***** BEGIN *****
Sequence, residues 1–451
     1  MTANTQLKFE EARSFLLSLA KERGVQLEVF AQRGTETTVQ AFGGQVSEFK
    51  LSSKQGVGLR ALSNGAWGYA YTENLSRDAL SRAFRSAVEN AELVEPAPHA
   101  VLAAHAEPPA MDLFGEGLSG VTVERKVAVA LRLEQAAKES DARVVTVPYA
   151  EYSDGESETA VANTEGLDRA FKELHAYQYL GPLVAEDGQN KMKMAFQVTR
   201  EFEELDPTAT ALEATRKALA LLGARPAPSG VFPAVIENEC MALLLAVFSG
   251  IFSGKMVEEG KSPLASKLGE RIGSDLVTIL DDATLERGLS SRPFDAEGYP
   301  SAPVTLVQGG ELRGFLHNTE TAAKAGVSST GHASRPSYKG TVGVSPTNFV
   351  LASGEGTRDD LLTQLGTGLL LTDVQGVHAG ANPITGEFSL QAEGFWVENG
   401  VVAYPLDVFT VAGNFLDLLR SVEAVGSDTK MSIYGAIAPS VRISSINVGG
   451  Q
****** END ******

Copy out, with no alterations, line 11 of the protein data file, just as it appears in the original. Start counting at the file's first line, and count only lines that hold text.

   451  Q